Celebrity couple loses privacy suit

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A European court ruling handed down Thursday against a celebrity couple in Norway may boost press freedom around the continent and in Scandinavia. Popular Norwegian musician Lars Lillo-Stenberg and his actress wife Andrine Sæther suffered a bitter loss at the European Court of Human Rights in Strasbourg, which refused to agree that it was wrong for a Norwegian magazine to publish photos of their wedding in 2005 without their consent.

Lars Lillo-Stenberg has courted the press during his entertainment career, but he and his wife didn't want photos published of their wedding. A local magazine published photos anyway, and the European Court of Human Rights has upheld its right to do so. PHOTO: Zero 2010/Wikipedia

Lars Lillo-Stenberg has courted the press during his entertainment career, but he and his wife didn’t want photos published of their wedding. A local magazine published photos anyway, and the European Court of Human Rights has upheld its right to do so. PHOTO: Zero 2010/Wikipedia

The case has dragged through the courts for years, after Lillo-Stenberg and Sæther all but turned it into a crusade for celebrities’ right to privacy. Even though they and other entertainers often seek media publicity to further their careers, they wanted to maintain control over any media coverage of their outdoor wedding on a public beach.

Several media outlets went along with the couple’s demand that no photos be published of their wedding ceremony, but not Oslo-based magazine Se og Hør. Instead, the magazine that specializes in celebrity coverage took photos of the couple’s wedding on the island of Tjøme from a distance and then published them. Lillo-Stenberg and Sæther were furious that the magazine would ignore their ban on photos, maintaining that their wedding was a private affair.

The couple sued the magazine and won in two lower courts until the Norwegian Supreme Court sided in favour of Se og Hør. Unwilling to accept the high court’s verdict, the couple then filed suit against the Norwegian state at the European court in Strasbourg. On Thursday, their eight-year battle came to an end.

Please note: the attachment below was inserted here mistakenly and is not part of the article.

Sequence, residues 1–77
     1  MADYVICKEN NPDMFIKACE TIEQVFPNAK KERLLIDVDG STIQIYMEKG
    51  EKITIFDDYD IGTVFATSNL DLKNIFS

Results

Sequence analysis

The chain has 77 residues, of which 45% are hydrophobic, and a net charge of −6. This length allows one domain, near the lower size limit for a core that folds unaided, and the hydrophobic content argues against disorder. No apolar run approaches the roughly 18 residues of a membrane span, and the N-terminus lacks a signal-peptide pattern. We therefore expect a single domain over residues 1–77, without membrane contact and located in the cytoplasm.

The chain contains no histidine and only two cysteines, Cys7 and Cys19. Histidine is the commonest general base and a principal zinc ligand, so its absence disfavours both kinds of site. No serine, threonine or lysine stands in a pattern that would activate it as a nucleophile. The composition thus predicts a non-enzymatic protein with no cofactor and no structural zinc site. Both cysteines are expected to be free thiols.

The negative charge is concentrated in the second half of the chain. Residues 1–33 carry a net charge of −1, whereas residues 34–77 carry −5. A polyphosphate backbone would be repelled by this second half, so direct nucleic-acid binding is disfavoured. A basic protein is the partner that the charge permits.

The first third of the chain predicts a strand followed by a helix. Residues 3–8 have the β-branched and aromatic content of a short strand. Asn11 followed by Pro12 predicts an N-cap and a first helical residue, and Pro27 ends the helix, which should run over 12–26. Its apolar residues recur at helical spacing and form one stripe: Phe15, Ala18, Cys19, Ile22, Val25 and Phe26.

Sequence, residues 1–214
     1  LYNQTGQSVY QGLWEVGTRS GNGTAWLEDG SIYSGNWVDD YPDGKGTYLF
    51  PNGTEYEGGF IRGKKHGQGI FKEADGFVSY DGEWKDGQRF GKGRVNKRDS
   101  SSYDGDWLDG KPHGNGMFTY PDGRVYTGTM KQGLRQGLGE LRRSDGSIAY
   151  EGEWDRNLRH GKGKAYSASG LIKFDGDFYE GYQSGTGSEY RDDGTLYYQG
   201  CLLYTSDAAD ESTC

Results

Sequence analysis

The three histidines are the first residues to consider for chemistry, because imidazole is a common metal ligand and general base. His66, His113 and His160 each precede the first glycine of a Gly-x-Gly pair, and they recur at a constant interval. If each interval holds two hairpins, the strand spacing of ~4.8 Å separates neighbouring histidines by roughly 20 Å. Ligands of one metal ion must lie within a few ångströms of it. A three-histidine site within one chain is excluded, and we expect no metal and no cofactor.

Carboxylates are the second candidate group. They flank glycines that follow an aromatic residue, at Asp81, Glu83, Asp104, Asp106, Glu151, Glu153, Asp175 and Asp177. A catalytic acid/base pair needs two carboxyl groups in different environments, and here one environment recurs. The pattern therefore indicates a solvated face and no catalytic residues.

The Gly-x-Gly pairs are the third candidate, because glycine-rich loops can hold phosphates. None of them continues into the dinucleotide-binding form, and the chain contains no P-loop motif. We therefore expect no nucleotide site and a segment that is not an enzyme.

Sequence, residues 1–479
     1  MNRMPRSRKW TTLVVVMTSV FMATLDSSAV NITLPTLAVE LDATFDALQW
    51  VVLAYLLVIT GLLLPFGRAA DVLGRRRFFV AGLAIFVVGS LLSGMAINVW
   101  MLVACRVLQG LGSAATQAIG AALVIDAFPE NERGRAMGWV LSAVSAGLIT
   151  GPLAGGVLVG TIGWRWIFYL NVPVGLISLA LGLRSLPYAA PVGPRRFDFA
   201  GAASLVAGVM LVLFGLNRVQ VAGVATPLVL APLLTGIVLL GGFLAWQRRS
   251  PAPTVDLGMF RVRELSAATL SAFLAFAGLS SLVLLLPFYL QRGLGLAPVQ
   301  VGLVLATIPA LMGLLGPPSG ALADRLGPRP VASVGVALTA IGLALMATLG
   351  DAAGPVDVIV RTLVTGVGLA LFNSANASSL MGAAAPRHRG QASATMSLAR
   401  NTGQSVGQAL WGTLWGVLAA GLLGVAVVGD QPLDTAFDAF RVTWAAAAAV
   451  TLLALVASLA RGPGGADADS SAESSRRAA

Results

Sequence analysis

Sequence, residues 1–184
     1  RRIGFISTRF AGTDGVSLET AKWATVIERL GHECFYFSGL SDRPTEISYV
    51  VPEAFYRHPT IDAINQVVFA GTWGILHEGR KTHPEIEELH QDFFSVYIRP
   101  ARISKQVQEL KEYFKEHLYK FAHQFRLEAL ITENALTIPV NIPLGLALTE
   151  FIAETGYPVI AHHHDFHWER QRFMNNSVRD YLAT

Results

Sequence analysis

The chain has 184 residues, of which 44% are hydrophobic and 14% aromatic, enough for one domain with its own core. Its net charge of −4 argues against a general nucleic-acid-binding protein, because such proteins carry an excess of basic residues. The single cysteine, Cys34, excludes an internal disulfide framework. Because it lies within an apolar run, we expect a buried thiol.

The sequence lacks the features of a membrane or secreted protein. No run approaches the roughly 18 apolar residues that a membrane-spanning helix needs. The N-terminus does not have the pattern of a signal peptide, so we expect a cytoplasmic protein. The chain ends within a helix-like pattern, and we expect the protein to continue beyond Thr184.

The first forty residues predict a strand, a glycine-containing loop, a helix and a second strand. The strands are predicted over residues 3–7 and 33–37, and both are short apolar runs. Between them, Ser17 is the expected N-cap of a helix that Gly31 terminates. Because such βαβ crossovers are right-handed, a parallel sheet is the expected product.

‘Duty to impart information…’
The court stressed that it has “repeatedly emphasised the essential role played by the press in a democratic socity. Although the press must not overstep certain bounds, regarding in particular protection of the reputation and rights of others, its duty is nevertheless to impart … information and ideas on all matters of public interest.”

The court clearly felt that the couple’s wedding was of public interest, going on to state that “Not only does the press have the task of imparting such information and ideas, the public also has a right to receive them. Were it otherwise, the press would be unable to play its vital role of ‘public watchdog.'”

‘Victory for all media’
The editor of Se og Hør, which also has faced legal and official complaints from other celebrities including members of the royal family over photos published without their consent, was predictably delighted by the ruling from Strasbourg.

“The ruling isn’t only about Se og Hør, it’s about working conditions for media,” editor Ellen Arnstad told Norwegian Broadcasting (NRK). “Not least, it’s about freedom of expression and information. That’s what delights me as an editor.”

Arnstad, who wasn’t the defendant in the Strasbourg suit, added that the ruling shows the magazine did nothing wrong in published the couple’s wedding photos. A ruling against the media’s right to publish such photos, Arnstad said, “would have given the media major challenges regarding coverage of events in public places.”

She noted that she understands the case has been “difficult” for the couple and she now hopes it’s finally over. According to Lillo-Stenberg, it is.

‘Did what we could’
“Andrine and I of course hoped our view would prevail, but we’ve been uncertain all along,” he told Journalisten, the professional publication for members of Norway’s national journalists’ organization. “Now we just have to accept the ruling and put the whole case behind us. We have lived with this long enough now.”

Lillo-Stenberg, best known for leading the legendary rock band de Lillos, said he “chose to be proud that we did what we could to fight for the right for privacy. At the same time, I see that the world has changed regarding photos, which now everyone can take on their mobile phones. It’s clear that the rules have changed.” He added, though, that he still believes there’s “a big difference between what’s of public interest and what’s only of public curiosity.”

Se og Hør has also been challenged by Norway’s Royal Palace over its publication of photos showing Crown Princess Mette-Marit and Crown Prince Haakon and their family on vacation at St Barts, a public beach known for attracting celebrities in the Caribbean. The royals also complained the photos undermined their privacy, as have other royals around Europe when photos of them in private situations have been published. Thursday’s Strasbourg ruling may make it tougher for royals and other celebrities to object when the media doesn’t go along with their rules.

newsinenglish.no/Nina Berglund